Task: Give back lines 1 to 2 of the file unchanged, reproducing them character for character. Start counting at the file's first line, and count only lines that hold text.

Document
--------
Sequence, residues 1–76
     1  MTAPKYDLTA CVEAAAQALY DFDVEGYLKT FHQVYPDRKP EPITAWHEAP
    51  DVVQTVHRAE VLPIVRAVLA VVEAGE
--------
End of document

Sequence, residues 1–76
     1  MTAPKYDLTA CVEAAAQALY DFDVEGYLKT FHQVYPDRKP EPITAWHEAP